Saturday, December 31, 2005

Batten Down the Hatches!

Northern California is in the midst of some big storms. Not Katrina big, but definitely on the heavy side for storms here. Flooding, high winds, power outages, landslides and of course, lots of rain. We've lost power a couple of times and had lots of small branches down, but no major damage.

But a local radio reporter on KCBS, Doug Sovern, who lives nearby had a brush with death. A couple streets over is Shepherd Canyon, and before the road starts up into the hills it goes through a gully (near the park and fire station, if you know the area). The power was out and it was dark, and he drove into several feet of water across the road. His car floated off the road then sank, and he was unable to open the doors or windows, safety hammer or kick them out. He was down to a foot or so of breathing space in the car before he thought of using his tire iron to smash a window, and he escaped with his life. Pretty amazing stuff -- KCBS has an MP3 of his account on their website if you want to listen to it. But now you know why a lot of Germans have those safety hammers in their cars. The odds of needing one are low, but as a local TV reporter said on a report about the Oakland Fire Department's fireboat, "A fireboat is like any other emergency device. You don't need it at all right up until the time you need it really bad."

Amidst the seriousness of this storm, there was a bit of humor. A headline I spotted on CNN: "California residents urged to leave ahead of storm". Leave? Um...where are we supposed to go? "Hi? Nevada? We're your neighbors. Sorry to drop in unannounced but...". Not that we could go, now. I-80 is closed because of a landslide near Lake Tahoe, and flooding near Fairfield. US 101 and I-5 are closed near the Oregon border because of landslides.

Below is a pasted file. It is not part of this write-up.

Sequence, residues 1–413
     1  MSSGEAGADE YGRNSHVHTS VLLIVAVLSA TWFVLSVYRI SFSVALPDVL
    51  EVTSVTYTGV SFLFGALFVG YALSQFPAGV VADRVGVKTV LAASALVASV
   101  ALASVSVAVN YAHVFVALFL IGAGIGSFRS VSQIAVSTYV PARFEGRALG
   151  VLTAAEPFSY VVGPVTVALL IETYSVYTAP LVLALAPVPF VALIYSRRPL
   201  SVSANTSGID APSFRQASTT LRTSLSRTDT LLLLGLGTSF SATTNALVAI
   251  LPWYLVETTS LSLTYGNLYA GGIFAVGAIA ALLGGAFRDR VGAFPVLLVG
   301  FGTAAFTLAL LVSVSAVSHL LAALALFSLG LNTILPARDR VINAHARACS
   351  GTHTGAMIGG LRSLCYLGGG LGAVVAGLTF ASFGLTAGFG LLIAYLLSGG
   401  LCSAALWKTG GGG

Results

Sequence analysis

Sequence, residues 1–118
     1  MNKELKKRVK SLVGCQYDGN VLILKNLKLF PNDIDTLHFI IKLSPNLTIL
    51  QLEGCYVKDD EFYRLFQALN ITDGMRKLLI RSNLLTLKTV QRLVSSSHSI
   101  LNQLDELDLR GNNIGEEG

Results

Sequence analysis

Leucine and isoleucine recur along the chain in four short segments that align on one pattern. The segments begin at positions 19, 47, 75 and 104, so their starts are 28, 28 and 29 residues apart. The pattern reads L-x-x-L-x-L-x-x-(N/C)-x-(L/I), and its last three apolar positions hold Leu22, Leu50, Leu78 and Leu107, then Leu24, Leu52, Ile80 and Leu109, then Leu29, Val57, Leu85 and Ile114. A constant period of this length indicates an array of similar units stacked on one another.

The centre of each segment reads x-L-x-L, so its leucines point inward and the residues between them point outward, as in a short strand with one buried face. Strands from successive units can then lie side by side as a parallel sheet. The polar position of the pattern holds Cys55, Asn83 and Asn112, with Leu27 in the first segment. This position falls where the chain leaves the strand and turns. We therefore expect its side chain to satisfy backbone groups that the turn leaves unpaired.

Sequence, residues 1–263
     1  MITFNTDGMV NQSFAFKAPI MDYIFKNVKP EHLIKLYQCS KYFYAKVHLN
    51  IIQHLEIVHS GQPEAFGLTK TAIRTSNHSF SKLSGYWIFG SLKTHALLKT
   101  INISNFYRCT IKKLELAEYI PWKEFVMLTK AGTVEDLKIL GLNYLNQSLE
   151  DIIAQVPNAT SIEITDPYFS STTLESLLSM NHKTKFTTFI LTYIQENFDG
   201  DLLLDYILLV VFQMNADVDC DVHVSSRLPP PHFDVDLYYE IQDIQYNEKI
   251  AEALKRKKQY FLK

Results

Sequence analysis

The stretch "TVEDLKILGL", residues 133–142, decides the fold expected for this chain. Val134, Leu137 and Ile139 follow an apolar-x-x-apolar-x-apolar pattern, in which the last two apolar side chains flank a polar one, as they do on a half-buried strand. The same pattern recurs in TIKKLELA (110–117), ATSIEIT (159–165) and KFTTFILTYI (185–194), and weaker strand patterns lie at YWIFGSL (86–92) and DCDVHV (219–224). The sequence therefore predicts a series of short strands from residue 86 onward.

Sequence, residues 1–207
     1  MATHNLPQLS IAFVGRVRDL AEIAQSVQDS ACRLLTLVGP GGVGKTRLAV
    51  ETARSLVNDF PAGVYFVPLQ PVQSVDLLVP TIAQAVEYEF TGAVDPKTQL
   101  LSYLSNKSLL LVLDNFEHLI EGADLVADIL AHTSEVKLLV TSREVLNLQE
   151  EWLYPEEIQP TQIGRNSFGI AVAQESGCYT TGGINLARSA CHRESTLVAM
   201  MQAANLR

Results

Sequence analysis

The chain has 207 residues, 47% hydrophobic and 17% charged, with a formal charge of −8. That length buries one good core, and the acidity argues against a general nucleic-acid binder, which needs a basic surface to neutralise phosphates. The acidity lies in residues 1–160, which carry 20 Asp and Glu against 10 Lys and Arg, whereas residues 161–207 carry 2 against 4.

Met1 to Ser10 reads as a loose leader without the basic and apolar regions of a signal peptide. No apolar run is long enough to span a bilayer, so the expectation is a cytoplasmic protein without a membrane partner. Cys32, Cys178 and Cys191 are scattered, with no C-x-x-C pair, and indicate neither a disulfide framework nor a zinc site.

Oh, right. The addition. I'd put tar paper on the roof, and expected some wind and rain before I was able to have the next inspection and put some actual roofing over the tar paper. But I wasn't expecting the pounding storm we just got, with 60 mph wind gusts. It blew out some of the plastic sheeting I'd put over the windows, and despite a couple of strips of wood and lots of staples, blew off some of the tar paper. So the addition got a bit more wet than I would have liked. With Kat's help, I got things battened down again, hopefully more securely this time. There's another big storm on the way.

In the 20-20 hindsight department, I had considered putting on some roll roofing before we left for Florida. But I decided against it, because I might have to take it off for the framing inspection. Oh well. The framing inspection should be this week, as I've finished up the bits of framing and most of the work on the earthquake holdowns.

Thursday, December 29, 2005

New Threads

After a break for Christmas to visit family in Florida, I'm back to work on the addition. Despite rain while we were gone, the addition stayed nice and dry. Only after we got back did the wind kick up and blow some of the tar paper off the roof. Things got a bit wet inside, but nothing too bad.

One of the things left to do was fix some of the foundation bolts that I'd left too long. Originally the bedroom at +21" would be all at one level, but I changed it so the uphill side was a couple of feet taller to make it easier to keep the necessary clearance between the wooden part of the house and the ground. That meant that the bolts in that area didn't need to go through the floor, as the wall sits directly on top of the sill plate. So before I left, I ordered a die to cut some new threads in the bolts that were too tall. Today I discovered that using the die was as easy as 1-2-3. A metal cutting blade on the sawzall, twist the die with a wrench, and voilĂ ! The bolts are now the right height.